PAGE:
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MUSC 3050 - Software Applications Course for Musicians

MUSC 3050 -- Dr. Joshua Burel
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Wendy Schlegel
(314) 246-7815
Office 322
Subjects: Music

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How to find music in the Library catalog

An aid to finding music resources in the Library Catalog

Using the "Keyword" search option is the best approach for finding music titles. 

When looking up music, first ask yourself: Am I searching for something with a "distinctive" title or a "generic" title?

Some "distinctive" titles                                         

  • Blues for Stephane                                                
  • Quartet for the end of time                                      
  • Saint Stephen and the Eleven                                  

Some "generic" titles

  • Symphony no. 5
  • Trio in D major
  • Piano sonata


When searching a distinctive title, enter as much of a distinctive title as you wish, but do not truncate the final word. 

For example: quartet for the end


Enter several elements for a generic title in order to reduce the likelihood of getting too many hits. 

Some examples:

beethoven symphony 9 bernstein        (for a recording conducted by Leonard Bernstein)

beethoven symphony 9 universal         (for a score of this symphony published by Universal Edition)

haydn quartet 76 3 string                    (for Haydn's quartet no. 77, which is his opus 76 no.3)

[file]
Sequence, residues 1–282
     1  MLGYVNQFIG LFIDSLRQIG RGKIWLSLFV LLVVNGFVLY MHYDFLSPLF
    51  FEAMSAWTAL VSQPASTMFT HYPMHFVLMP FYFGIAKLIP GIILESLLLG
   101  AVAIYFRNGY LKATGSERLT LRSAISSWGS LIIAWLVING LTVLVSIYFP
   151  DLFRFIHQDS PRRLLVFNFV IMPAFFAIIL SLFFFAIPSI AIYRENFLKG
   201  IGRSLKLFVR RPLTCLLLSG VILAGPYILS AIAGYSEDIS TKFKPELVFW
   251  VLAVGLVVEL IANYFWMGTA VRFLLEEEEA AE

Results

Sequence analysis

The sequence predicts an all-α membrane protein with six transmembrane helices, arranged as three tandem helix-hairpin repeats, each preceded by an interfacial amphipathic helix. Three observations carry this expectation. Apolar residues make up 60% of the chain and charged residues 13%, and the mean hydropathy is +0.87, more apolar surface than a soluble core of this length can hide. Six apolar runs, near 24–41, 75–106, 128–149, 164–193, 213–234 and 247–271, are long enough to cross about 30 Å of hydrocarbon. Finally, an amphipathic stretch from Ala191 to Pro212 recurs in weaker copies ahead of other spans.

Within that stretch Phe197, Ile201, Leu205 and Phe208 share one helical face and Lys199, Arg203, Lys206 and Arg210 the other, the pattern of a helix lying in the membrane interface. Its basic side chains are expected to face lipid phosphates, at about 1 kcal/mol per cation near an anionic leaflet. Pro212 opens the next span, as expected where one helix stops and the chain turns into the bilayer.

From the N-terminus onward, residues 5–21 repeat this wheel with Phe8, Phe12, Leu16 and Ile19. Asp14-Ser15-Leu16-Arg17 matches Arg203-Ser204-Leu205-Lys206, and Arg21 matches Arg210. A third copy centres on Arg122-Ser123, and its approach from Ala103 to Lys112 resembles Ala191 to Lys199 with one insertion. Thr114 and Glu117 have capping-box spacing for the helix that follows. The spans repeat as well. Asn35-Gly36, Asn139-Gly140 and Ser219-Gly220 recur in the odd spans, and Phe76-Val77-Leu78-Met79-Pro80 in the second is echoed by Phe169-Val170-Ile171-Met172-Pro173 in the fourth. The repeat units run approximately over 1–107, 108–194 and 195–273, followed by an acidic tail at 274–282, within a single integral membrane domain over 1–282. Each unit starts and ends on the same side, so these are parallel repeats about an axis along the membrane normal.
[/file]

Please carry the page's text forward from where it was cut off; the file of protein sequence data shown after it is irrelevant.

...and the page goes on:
If you enter a search and receive a large number of hits, you can follow up by clicking on "modify search," which allows you to limit the results by medium, date of publication, language, etc.  The 'modify search' screen also lists helpful hints regarding truncation, proximity searching, etc. 


Tip: For arcane reasons, you may actually benefit by truncating generic forms.  For 'symphony,' use 'symphon*'.  For 'sonata' or 'sonatas,' use 'sonat*" The asterix symbol (*) allows for truncating.

Call number outline

Emerson Library materials are classified and shelved according to the Library of Congress call number system.  The general outline of the classification system for music scores and recordings is shown in the first link; in it, to bypass a lot of the details, scroll to the bottom to see the chart.  If you need more of a breakdown in any area, you can click on links that will expand the information. 

The second and third links will take you to charts outlining the classification schedules for books about music (Class ML) and for instruction and study of music (Class MT).

Feel free to ask a librarian for further assistance in using this classification system.

Subject Librarian

Profile Photo
Wendy Schlegel
(314) 246-7815
Office 322
Subjects: Music

In-Depth Searching Guide